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A European way of using blockchain technology will build a more secure online environment for EU citizens and businesses.

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There is lots of talk about blockchain technology and how it will revolutionise the way we think about data, security and even money. But what is a blockchain?

It is a sequence of blocks containing data, records stored in the form of blocks. You can think of this process as a kind of database shared by a network of computers, where entries are added permanently as ‘Blocks’, and this ‘Chain’ cannot be broken or altered in any way. The resulting ‘Blockchain’ is a permanent, verified record.

Each block contains a unique code called a hash. It also contains the hash of the previous block in the chain. This makes the system transparent and secure through technology, with no need for any central controlling authority. It also means there is no single point of failure.

Blockchain was first released into the world in 2009 as the technology behind Bitcoin, the world’s first cryptocurrency, a kind of virtual money. The decentralised blockchain underpinning Bitcoin distributes the transaction data among all users, so it is not held in a single place.

Since 2009, a growing number of people and organisations have realised the power of this technology and many other cryptocurrencies have been created and deployed.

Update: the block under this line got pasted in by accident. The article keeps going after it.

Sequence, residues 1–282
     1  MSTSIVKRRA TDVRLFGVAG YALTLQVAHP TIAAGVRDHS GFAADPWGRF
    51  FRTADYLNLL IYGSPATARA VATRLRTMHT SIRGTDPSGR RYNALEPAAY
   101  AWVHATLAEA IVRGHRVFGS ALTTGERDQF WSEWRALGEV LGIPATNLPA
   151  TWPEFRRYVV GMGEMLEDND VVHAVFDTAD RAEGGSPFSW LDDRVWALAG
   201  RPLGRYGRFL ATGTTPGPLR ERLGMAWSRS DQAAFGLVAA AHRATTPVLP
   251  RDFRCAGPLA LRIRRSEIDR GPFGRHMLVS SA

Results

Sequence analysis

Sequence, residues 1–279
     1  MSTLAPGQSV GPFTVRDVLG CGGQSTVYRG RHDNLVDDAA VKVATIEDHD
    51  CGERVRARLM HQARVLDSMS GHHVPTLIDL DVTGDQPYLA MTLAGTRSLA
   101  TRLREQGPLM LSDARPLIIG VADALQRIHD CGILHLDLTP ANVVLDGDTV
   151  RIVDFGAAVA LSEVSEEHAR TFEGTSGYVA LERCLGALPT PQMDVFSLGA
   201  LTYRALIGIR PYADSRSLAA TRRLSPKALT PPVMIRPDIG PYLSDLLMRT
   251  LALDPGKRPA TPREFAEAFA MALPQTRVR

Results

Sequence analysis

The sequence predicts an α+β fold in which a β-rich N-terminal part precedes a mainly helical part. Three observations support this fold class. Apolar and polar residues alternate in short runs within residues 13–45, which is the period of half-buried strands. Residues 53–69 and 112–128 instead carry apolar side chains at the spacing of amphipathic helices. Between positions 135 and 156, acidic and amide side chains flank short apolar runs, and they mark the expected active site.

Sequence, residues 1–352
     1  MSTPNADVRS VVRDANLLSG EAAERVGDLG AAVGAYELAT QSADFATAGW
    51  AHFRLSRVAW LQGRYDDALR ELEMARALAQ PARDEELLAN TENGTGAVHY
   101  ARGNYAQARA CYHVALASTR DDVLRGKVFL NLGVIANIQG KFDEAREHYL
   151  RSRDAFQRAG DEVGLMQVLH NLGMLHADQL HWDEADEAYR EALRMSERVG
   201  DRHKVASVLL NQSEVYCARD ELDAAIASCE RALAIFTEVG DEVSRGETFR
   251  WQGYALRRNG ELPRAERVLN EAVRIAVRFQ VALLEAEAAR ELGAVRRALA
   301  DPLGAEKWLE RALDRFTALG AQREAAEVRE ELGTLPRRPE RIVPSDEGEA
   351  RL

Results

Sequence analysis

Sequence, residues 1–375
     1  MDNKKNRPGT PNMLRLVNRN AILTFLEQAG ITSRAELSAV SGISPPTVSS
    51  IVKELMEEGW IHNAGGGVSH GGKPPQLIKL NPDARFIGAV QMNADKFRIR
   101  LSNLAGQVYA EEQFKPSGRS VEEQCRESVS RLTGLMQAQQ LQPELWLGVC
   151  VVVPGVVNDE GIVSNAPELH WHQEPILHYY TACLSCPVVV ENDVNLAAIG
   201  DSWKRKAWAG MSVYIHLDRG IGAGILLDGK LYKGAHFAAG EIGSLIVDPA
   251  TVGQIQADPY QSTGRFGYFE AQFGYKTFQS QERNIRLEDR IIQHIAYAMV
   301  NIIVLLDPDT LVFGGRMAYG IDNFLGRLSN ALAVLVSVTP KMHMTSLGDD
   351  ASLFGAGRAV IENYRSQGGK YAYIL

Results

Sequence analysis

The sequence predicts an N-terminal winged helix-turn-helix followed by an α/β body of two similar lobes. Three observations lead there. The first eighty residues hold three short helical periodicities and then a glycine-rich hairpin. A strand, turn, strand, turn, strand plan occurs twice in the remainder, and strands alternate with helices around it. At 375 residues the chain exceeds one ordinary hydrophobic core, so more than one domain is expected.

While this kind of ‘digital money’ captures most of the headlines, the underlying blockchain technology can be used in other contexts, like verifying online identities, securely transferring important data, improving voting mechanisms, monitoring supply chains and many more.

Newer developments, such as ‘smart contracts’, take the technology a step further. You can think of smart contracts as a type of computer programme (or set of instructions) saved on a blockchain. Smart contracts can be used to create self-executing agreements between multiple parties. This is opening up a range of exciting new possibilities for automating business processes and transactions in almost any industry or market.

For example, in the future, connected cars could automatically pay for tolls, congestion charges or electric charging (in the case of electric vehicles), using smart contracts and digital assets on a blockchain. In reality, the possibilities are almost endless.

The European Commission is working on a number of different initiatives to bring together and enhance Europe’s leading role in blockchain technology.

As well as providing funding for blockchain startups and innovation, the Commission has also launched the European Blockchain Partnership to develop a common EU strategy for blockchain and the European Blockchain Observatory, which pools expertise to identify and monitor activities across Europe. Another important development is the European Blockchain Services Infrastructure, which is the world's first cross-border blockchain initiative in the field of public administration.

In addition, the Commission supports various skills programmes, so that European citizens can access, use and develop blockchains and other technologies.

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